Device improves quality of life for young cardiac patients

December 8, 2022

EDMONTON — Two patients at the Stollery Children’s Hospital are the first in North America using a new lighter, more mobile, driving unit for their ventricular assist device (VAD), giving them more independence while awaiting a heart transplant.

A VAD is used in patients experiencing heart failure; that is, their hearts are not able to pump enough blood. The VAD consists of a surgically implanted pump, tubes that connect the pump to the heart, a control system, a power source and a driving unit, which pushes air in and out of the pumps to help move the blood through the heart to the body.

Until now, the only option for VAD drivers for young pediatric patients, who weigh less than 25 kg, was a large, heavy machine, weighing between 70 kg and 90 kg, with limited battery life. Patients could only be away from a power source for 20 to 30 minutes, limiting what they could do in the hospital.

The new device – the Berlin Heart EXCOR Active — is 13.5 kg, more mobile, and offers longer battery life than the previous device. Patients can now leave a power source with

10-12 hours of battery life, allowing walks in the hospital, longer visits to physiotherapy, and trips outside of the hospital. The new device is also much quieter, helping children get better sleep.

“Unfortunately, our wait times for heart transplant in Canada are quite long, so even our highest-priority transplant patients can wait six months, a year or longer in hospital,” says pediatric cardiologist Dr. Jennifer Conway, Director of the Stollery Heart Function and Cardiomyopathy Program. “This new VAD driver can dramatically improve the patient and family’s quality of life while waiting in hospital during that time.”

The new device could be “the first step” toward being able to discharge these patients home while they await transplant, says Dr. Holger Buchholz, Director of the Pediatric and Adult Artificial Heart Program at the Stollery Children’s Hospital and Mazankowski Alberta Heart Institute.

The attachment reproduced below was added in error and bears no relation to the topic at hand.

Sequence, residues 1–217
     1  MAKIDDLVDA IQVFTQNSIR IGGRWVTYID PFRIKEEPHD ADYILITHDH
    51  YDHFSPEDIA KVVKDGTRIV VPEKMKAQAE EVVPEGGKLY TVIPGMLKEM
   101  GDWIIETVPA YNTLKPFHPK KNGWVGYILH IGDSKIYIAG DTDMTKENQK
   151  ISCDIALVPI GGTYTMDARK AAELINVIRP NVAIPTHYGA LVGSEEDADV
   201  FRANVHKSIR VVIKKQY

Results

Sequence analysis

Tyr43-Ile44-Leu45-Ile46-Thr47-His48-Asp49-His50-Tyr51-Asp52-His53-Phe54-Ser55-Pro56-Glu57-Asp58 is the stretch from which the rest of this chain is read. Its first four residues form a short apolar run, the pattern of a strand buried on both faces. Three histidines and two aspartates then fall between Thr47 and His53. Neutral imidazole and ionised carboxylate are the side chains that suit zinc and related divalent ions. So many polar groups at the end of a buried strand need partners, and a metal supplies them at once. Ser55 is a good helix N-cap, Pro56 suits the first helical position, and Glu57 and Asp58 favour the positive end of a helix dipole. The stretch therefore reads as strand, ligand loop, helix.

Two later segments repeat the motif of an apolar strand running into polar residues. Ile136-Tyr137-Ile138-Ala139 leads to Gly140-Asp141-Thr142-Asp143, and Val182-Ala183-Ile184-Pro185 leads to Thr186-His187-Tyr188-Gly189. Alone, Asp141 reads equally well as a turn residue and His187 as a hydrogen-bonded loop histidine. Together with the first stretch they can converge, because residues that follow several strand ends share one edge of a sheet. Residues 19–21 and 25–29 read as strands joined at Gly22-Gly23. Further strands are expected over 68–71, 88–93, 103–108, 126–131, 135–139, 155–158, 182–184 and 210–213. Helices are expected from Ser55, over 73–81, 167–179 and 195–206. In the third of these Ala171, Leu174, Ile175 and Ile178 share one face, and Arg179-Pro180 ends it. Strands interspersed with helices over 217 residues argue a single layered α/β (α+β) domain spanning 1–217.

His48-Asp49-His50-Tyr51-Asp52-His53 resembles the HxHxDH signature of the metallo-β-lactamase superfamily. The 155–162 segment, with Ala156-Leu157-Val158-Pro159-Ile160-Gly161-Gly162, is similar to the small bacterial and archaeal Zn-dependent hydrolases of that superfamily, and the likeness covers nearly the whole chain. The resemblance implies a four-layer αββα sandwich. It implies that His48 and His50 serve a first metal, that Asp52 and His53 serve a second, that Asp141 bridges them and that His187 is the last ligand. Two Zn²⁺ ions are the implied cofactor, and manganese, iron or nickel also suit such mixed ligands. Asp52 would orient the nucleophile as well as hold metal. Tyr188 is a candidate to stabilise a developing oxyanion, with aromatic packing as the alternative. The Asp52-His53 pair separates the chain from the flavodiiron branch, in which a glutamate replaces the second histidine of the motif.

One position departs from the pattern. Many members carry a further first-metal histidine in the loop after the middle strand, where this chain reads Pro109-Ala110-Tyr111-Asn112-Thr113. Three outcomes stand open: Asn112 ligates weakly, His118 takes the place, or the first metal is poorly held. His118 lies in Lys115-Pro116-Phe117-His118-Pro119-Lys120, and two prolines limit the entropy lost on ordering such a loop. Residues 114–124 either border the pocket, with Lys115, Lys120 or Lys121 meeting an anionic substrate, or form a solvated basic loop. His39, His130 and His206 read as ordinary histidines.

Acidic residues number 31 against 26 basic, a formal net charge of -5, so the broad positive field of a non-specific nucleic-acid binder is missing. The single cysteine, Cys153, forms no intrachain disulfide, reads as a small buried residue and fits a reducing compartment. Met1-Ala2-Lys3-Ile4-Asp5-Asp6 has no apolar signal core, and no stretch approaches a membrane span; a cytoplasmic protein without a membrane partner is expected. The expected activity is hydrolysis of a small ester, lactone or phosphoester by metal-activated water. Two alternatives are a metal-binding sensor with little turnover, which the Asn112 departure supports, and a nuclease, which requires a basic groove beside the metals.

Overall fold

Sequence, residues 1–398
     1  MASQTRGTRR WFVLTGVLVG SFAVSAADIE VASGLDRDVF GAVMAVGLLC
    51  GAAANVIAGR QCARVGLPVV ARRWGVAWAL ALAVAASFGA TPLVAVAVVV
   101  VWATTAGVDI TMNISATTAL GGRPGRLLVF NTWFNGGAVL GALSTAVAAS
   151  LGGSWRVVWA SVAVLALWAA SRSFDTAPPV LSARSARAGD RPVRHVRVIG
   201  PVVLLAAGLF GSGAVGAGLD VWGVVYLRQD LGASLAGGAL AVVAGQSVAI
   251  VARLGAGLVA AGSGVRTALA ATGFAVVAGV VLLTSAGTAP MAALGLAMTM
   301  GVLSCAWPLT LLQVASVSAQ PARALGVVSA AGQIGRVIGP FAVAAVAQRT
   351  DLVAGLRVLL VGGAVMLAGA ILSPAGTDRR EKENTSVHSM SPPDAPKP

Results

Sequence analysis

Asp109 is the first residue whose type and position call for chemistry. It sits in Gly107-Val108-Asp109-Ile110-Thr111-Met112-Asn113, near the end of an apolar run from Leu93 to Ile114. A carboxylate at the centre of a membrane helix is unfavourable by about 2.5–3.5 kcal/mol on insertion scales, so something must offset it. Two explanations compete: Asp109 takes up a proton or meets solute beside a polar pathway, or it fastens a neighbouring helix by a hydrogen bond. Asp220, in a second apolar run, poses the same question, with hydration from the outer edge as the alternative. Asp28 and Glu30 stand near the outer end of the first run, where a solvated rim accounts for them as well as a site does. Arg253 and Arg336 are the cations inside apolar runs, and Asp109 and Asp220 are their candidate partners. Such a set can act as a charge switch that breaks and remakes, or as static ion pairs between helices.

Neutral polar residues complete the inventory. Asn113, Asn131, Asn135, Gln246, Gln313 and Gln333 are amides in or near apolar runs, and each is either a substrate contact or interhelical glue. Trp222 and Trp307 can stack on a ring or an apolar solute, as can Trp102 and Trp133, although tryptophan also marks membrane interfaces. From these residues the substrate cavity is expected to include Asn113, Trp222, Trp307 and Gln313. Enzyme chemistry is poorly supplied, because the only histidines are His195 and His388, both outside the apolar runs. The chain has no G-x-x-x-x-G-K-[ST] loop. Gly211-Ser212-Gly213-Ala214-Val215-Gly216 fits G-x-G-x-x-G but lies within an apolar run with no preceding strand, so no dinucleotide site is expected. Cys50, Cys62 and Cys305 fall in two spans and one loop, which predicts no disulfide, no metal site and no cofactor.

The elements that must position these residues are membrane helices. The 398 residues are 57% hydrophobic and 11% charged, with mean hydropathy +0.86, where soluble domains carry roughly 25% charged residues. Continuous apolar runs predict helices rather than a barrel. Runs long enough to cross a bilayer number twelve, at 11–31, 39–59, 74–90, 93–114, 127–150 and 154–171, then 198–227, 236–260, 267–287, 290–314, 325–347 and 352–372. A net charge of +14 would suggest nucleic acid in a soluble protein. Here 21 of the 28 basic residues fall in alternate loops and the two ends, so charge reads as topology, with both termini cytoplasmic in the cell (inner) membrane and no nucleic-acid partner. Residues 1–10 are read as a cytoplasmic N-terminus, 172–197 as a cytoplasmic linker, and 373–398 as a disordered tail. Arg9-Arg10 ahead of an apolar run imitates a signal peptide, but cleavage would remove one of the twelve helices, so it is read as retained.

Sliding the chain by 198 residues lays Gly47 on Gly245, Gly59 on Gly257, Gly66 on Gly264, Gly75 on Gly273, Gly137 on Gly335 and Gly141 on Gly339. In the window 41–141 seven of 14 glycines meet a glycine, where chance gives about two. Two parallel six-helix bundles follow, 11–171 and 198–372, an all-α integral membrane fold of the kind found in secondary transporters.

“Our goal is not to have patients waiting for months in a hospital,” says Dr. Buchholz. “We want to try to get them home, integrate them in their normal life again, go to school, the playground, be able to be around their friends and siblings. It’s really the next step for better healthcare and better outcomes.”

Roy Eackett’s three-year-old son, Greyson, has been in the Stollery for more than eight months. Greyson recently started using the new VAD driver, opening up a world of possibilities.

“It’s unbelievable,” says Roy. “The ability to get him out, get him exercising, building muscle, becoming stronger, really increases our chances for a quick recovery once we do get the gift of transplant. It’s no longer the limitations of the machine holding him back. It’s just his physical limitations and now we can work on decreasing those limitations. It makes me feel really good.”

The Pediatric Ventricular Assist Device (VAD) Program is a joint program supported by the Stollery and the Mazankowski Alberta Heart Institute. It is one of the largest VAD programs in North America and has been at the forefront of mechanical circulatory assist device treatment since 2005, when the program became the first pediatric site in Western Canada to implant a Berlin Heart left VAD.

The program received special approval from Health Canada to use the Berlin Heart EXCOR Active, since the device is not yet widely approved in Canada.

The Stollery Children’s Hospital/Mazankowski Alberta Heart Institute team is a member of the Western Canadian Children’s Heart Network, a group of pediatric cardiac programs across Western Canada that work in collaboration to deliver the best possible care for pediatric cardiac patients. The Stollery/Maz program is Western Canada's largest referral centre for pediatric cardiac surgery and a national leader in pediatric heart transplantation.

Alberta Health Services is the provincial health authority responsible for planning and delivering health supports and services for more than four million adults and children living in Alberta. Its mission is to provide a patient-focused, quality health system that is accessible and sustainable for all Albertans.